Donald Trump: Historical Context


Introduction
 
Two introductory notes are warranted.

First, Dr. Zebra started this website in 1999 out of a concern that Americans too oftened assumed that their president was making decisions in full health and with healthy thinking processes. Donald Trump, who had a severe and largely unrecognized illness that happened to be psychiatric, epitomizes the stakes involved by that concern. Dr. Zebra puts Trump's illness in historical context here → SEE BELOW

Second, in compiling Trump's medical entries, Dr. Zebra has had to contend with Trump's charitably described "aggressively unreliable" nature 1, using an approach outlined here → MORE



Personality disorder (introduction)
 
Trump's mental status has generated analyses and opinions from co-workers MORE, mental health professionals MORE, his niece (Dr. Mary L. Trump -- see below), and Dr. Zebra.

For this website, the events of 2020 caused a major re-assessment of Trump's psychiatric health, as explained here → SEE BELOW. The most recent assessment (January 2021) is below.


More...
The story of Donald Trump cannot be told with a mere recitation of facts. Not only are they overwhelming in quantity, but his course has been so singular in American history that no framework exists on which the facts can be organized. This page may help.

Historical Comparisons

Donald Trump is the sickest individual ever to inhabit the White House -- sicker even than stroke-crippled Woodrow Wilson, to whom it is instructive to compare him.

Wilson ...

  • had an acute physical illness ...
  • that led to a chronic psychiatric illness ...
  • that went untreated ...
  • by his incompetent military physician,
    • who placed loyalty to a man above duty to the nation.
It has been argued that strong competent leadership from a psychiatrically intact Wilson might have averted the man-made global catastrophe that was World War II, in which 400,000 Americans died.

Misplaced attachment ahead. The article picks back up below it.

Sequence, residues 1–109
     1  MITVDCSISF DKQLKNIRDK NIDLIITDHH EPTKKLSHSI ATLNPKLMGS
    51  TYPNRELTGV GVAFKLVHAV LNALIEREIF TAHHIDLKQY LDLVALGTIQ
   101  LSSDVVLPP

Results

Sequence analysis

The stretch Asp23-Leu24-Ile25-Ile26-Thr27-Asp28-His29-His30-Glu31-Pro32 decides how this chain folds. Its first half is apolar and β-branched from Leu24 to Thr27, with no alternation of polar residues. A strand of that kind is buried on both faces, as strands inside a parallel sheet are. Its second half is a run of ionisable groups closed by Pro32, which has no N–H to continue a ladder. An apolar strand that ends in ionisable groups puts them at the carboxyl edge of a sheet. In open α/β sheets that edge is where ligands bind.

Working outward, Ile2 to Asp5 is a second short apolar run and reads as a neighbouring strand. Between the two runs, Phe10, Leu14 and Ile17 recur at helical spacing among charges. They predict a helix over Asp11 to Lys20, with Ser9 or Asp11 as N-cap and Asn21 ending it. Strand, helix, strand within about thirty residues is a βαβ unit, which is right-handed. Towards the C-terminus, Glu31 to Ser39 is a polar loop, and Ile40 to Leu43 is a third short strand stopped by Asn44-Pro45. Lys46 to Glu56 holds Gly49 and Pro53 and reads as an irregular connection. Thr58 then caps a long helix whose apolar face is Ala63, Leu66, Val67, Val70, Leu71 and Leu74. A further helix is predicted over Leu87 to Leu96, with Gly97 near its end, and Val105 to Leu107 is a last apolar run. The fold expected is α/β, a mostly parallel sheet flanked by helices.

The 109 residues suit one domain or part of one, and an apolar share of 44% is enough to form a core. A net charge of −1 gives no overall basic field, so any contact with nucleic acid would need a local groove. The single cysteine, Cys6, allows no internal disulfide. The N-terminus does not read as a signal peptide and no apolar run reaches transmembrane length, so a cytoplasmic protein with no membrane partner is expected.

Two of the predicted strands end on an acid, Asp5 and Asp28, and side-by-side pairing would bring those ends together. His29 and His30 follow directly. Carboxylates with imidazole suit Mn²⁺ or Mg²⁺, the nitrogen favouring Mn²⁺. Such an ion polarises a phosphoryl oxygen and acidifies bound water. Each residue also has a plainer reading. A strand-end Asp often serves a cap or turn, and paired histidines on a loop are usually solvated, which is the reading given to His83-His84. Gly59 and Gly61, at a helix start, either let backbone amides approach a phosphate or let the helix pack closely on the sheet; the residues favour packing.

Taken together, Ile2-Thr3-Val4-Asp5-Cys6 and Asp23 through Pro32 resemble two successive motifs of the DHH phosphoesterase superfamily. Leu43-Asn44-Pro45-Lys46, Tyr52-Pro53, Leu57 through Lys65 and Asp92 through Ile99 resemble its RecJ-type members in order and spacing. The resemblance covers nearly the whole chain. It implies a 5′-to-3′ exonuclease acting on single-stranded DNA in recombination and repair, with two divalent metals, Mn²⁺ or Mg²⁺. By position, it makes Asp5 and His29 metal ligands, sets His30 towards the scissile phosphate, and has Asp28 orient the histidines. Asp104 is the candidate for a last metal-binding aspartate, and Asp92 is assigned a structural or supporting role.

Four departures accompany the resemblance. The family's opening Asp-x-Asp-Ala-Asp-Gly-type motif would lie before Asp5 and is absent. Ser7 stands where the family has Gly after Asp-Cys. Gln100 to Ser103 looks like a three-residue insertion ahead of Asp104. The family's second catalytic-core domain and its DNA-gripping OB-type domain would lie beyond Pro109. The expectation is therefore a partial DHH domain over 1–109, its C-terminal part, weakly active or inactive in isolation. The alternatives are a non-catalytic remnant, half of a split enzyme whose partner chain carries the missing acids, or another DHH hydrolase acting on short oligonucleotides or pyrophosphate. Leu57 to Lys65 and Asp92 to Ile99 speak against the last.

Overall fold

Trump, by contrast ...

  • had a chronic psychiatric illness ...
  • that led to an acute physical illness (covid-19) ...
  • that was treated aggressively ...
  • by a team of skilled physicians, led by a military physician,
    • who placed loyalty to a man above duty to the nation.
It is easily argued that strong, competent leadership from a psychiatrically intact Trump could have averted the national catastrophe of 400,000+ American dead and a shattered economy -- just look at the successful curtailment of covid-19 in well-run democracies like South Korea, Taiwan, Germany, New Zealand, etc.

The biggest difference between Wilson and Trump is the public's knowledge of their illnesses. Wilson's physical illness and unsuitability for the presidency would have been immediately perceptible to the public, certainly leading to calls for his resignation, had he not hidden himself in strict isolation for months. Trump's psychiatric illness, on the other hand, was aggressively public, though generally not perceived as illness, even through an impeachment trial and a bipartisan vote to remove him from office.

But Is It a Disease?

Initially, Dr. Zebra resisted giving Trump a formal psychiatric diagnosis. The reason: Despite Trump's clearly abnormal, unfeeling, narcissistic personality traits, he did not suffer harm as a result of these traits -- he was elected president! One cannot claim anything is a disease if the patient does not suffer by having it, no matter if compatriots, investors, or the public suffer.

Others agreed with this common-sense stance in 2017:

[Dr.] Allen Frances wrote the criteria for narcissistic personality disorder used in the American Psychiatric Association's Diagnostic and Statistical Manual of Mental Disorders (DSM), and he doesn't think Trump qualifies. In Twilight of American Sanity 2 Frances says the diagnosis requires the patient to experience significant distress because of his condition. But throughout his life, Trump "has been generously rewarded for his Trumpism, not impaired by it," Frances writes. "[If] Trump is a threat to the United States, and to the world, [it would be] not because he is clinically mad, but because he is very bad." 3 (Also 4)

Making a Diagnosis